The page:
Last edited: May 22, 2016
    hevans1944 likes this.
  6. Eoghan Ryan

    Eoghan Ryan

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    May 21, 2016
    The GPS would be only used for speed purposes only. How accurate is their speed reading -/+ 10/15kph?

    I believe the laser to be the best option for reading distance.
     
  7. (*steve*)

    (*steve*) ¡sǝpodᴉʇuɐ ǝɥʇ ɹɐǝɥd Moderator

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    When I first read the title I assumed you were seeking help in the final stages of building an electronic companion.

    However I now realise I was wrong.

    The title refers to yourself, but the project is probably bordering on the same complexity :)

    Perhaps you can google ACARS for an already existing version of what you want.

    If you don't want a cooperative system, then you may need to investigate what (say) Google used to identify other moving and stationary objects.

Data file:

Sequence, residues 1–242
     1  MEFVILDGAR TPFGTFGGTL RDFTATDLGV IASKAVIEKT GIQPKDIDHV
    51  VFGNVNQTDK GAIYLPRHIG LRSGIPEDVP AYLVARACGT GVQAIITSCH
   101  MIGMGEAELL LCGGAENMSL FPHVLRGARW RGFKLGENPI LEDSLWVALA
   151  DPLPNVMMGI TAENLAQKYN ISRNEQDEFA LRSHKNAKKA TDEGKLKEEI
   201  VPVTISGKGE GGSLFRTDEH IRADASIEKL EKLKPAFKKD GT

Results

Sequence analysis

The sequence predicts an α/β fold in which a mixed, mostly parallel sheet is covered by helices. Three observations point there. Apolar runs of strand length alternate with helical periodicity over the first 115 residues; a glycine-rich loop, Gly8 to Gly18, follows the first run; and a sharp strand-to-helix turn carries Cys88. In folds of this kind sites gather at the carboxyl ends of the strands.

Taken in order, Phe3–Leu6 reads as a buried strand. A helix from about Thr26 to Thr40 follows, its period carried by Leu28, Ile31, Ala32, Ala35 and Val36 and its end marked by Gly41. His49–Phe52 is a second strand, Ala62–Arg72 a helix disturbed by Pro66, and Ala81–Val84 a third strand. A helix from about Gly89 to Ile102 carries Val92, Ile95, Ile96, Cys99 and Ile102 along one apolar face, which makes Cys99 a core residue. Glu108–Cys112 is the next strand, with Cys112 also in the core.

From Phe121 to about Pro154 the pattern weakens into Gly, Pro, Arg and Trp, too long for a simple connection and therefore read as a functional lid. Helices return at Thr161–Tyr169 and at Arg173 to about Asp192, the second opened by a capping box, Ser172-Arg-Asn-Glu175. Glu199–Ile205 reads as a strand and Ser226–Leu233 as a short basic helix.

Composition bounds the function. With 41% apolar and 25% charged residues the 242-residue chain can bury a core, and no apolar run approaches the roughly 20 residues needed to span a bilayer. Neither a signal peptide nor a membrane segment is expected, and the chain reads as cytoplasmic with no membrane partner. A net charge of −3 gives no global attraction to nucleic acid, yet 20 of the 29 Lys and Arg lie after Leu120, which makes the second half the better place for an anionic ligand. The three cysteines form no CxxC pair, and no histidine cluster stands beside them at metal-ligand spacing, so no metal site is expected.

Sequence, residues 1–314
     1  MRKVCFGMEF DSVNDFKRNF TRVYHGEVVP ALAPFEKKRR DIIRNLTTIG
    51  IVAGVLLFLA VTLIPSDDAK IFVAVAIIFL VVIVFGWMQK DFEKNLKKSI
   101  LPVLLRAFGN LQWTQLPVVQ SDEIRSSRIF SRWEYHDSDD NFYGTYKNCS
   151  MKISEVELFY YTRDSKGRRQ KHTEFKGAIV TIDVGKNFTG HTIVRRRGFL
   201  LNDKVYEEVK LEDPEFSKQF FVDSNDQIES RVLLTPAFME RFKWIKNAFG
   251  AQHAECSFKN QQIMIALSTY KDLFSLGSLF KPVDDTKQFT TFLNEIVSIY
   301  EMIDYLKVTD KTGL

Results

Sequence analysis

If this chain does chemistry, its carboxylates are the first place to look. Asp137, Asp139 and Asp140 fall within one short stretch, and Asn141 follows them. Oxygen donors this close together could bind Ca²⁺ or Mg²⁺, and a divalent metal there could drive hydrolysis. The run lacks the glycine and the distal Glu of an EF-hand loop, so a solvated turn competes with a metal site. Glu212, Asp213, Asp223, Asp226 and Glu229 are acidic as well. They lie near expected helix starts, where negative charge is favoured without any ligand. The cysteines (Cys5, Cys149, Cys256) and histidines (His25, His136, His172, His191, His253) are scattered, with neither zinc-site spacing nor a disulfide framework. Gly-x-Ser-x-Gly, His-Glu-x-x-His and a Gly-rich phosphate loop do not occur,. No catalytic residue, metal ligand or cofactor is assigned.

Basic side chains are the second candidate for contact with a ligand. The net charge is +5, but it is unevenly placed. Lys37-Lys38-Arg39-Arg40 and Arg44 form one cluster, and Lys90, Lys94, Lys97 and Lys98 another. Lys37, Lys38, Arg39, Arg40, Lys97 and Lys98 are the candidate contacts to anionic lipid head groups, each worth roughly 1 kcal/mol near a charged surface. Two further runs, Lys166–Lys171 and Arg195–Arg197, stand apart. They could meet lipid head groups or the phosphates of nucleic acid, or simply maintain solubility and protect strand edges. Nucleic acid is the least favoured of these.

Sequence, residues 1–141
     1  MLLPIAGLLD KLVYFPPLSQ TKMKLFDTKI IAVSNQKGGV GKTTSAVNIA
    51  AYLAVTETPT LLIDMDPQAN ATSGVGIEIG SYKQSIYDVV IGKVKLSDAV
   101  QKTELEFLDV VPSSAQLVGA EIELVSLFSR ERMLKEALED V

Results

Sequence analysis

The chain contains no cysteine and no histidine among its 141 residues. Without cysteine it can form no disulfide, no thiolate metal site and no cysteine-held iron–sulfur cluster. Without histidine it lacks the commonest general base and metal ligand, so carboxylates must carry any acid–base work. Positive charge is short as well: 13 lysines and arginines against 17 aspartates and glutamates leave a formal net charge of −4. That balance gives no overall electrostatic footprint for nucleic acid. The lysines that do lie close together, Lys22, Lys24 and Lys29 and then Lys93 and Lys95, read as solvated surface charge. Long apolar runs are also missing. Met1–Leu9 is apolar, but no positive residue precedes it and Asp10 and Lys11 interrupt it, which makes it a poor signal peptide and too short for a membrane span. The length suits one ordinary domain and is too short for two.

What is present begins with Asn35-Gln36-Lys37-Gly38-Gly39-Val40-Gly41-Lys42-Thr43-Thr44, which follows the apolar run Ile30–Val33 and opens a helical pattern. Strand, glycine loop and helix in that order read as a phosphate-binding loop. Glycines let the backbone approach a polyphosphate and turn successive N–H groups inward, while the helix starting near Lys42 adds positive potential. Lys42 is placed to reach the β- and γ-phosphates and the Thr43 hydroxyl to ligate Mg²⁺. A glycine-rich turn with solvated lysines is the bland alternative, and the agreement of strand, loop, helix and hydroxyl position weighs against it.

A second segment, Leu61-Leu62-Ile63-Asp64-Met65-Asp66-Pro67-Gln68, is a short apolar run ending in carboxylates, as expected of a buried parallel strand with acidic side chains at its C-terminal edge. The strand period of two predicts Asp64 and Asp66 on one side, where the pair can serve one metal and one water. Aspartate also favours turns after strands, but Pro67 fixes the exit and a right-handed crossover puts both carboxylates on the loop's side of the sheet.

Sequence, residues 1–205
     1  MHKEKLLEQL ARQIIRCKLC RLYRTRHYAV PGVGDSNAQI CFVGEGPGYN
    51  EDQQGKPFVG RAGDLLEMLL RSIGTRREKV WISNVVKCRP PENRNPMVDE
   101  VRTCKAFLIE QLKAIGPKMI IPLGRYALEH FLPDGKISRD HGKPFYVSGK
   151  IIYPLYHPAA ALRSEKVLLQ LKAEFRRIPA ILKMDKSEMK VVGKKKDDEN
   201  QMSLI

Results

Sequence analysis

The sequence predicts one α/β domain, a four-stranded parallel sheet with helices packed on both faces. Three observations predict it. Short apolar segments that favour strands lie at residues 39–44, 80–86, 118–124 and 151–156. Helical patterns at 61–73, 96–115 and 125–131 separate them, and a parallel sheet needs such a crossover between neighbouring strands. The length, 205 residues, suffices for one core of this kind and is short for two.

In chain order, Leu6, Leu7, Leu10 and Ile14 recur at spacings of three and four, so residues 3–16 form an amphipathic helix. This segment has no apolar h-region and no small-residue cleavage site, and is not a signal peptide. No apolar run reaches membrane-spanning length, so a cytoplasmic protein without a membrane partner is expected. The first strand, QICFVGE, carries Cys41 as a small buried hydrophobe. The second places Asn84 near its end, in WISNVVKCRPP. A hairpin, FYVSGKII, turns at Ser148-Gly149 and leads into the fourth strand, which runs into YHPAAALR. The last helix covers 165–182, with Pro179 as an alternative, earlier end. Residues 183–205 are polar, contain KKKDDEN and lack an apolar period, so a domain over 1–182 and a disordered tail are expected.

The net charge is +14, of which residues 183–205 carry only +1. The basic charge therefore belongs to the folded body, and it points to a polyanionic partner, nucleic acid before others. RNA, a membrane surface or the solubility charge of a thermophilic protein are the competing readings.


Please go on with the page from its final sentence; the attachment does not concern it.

Eoghan Ryan likes this.
  8. hevans1944

    hevans1944 Hop - AC8NS

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    Microwaves are more reliable. The reflection of laser beams from vehicle surfaces is problematical.
     
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  9. Eoghan Ryan

    Eoghan Ryan

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    May 21, 2016
    Do microwaves not need a receiver on the object being measured?
     
  10. davenn

    davenn Moderator

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    no, just a transmitter and receiver on the vehicle doing the distance measuring
     
  11. hevans1944

    hevans1944 Hop - AC8NS

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    Have you never had your automobile speed measured with a "radar gun"? Automobile manufacturers are now experimenting with anit-colliision devices based on the same principle.